Pop culture obsessives writing for the pop culture obsessed.
Pop culture obsessives writing for the pop culture obsessed.

The Soloist

Illustration for article titled The Soloist

It’s hard to pin down The Soloist, since it’s trying to be so many things at once: a panegyric on friendship, a based-on-real-life portrait of urban poverty and mental illness, a glossy prestige pic with a scrappy indie feel, and a swooning ode to music. Yet it feels like a puzzle with some significant pieces missing. It’s as though director Joe Wright (Atonement, Pride & Prejudice) and screenwriter Susannah Grant (Erin Brockovich, In Her Shoes) were aware that audiences might find Jamie Foxx’s twitchy performance as a Rain Man-esque babbling savant laughable, so they tried to cushion it as much as possible, with overlapping layers of weepy emotion and stern realism. But the result feels cluttered, overcooked, and underfelt.

The biggest problem is Robert Downey Jr.’s character, Steve Lopez, the real-life L.A. Times columnist and author who brought his city’s attention to Nathaniel Ayers, a schizophrenic musical prodigy who disintegrated at Juilliard and wound up living on the streets. Downey’s performance isn’t at fault; his usual hard-driving mixture of prickly empathy and slick contempt is easy enough to watch. But Grant’s script leaves him hollow. When he first meets Ayers (played with queasy, Oscar-baiting commitment by Foxx), he fixates on him to a never-explained degree, and starts hunting him around the city, wanting to write about him. A sort of addled friendship emerges, with Ayers literally proclaiming that Lopez is his god, and a frustrated Lopez trying to force Ayers into normality by sheer force of blinkered will. Problem is, Lopez’s motivations, even his personal identity, are never clear. The script offers no clues, and Downey never lets the audience past his stern newspaperman’s façade. As the film takes Ayers apart, it empathizes with his pain, then pushes it away to focus on the far-less-interesting Lopez.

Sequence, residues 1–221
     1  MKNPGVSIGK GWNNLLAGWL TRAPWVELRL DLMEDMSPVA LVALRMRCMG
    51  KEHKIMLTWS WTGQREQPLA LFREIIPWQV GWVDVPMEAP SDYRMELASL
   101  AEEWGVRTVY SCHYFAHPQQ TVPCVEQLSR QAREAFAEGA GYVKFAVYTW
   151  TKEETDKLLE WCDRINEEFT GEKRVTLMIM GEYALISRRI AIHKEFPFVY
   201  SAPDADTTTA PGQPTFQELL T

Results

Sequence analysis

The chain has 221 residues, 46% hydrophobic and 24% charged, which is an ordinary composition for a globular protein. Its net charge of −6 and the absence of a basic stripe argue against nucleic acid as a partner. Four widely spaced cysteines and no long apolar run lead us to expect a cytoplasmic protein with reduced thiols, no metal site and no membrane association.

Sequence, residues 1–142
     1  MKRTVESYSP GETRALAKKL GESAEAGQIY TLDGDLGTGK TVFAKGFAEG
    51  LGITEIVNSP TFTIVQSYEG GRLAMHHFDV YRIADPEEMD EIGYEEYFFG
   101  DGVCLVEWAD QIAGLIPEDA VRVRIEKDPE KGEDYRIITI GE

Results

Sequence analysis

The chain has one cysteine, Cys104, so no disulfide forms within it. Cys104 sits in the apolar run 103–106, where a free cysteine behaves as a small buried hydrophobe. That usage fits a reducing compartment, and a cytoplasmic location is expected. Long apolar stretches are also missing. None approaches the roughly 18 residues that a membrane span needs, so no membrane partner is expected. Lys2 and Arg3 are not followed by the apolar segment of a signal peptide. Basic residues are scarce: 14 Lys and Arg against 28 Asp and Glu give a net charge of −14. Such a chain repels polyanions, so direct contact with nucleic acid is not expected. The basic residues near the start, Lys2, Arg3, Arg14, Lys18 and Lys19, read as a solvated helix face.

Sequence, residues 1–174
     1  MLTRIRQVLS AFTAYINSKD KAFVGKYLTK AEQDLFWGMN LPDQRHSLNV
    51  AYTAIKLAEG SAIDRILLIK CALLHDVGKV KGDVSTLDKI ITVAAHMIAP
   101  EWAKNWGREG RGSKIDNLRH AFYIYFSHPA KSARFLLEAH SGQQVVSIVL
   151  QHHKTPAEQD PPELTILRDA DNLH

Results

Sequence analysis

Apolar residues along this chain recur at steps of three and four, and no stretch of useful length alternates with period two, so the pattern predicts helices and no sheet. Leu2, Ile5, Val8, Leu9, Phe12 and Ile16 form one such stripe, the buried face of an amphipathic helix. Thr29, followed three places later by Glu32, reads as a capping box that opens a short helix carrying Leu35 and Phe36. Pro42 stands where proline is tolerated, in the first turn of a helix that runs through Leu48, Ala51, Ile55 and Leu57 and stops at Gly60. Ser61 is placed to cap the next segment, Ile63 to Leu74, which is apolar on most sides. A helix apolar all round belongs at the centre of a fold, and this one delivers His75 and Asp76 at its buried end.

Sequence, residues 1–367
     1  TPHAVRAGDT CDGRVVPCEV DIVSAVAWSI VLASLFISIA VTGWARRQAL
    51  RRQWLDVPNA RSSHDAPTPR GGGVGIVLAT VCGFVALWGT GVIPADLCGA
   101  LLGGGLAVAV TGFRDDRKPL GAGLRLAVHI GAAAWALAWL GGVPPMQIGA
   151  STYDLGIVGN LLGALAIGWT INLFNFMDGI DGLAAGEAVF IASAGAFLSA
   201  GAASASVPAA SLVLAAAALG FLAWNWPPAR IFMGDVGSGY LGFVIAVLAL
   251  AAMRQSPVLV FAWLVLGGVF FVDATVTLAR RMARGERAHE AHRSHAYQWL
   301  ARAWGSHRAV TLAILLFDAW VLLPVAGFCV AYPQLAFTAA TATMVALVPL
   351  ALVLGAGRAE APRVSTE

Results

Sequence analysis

Wright directs with the same sense of beauty he brought to his previous films, but here it seems forced and overdetermined, as in the scene where Ayers closes his eyes at a concert, and Wright spends several minutes showing us blackness and flashing colored lights to illustrate the music. At least he successfully gets behind Ayers’ eyes, but as with the strangely polished horrors of homelessness in L.A., he pushes too hard to force audiences into specific reactions. The Soloist goes out of its way to serve every emotion up on a plate, but its force-fed meal comes out curiously bland.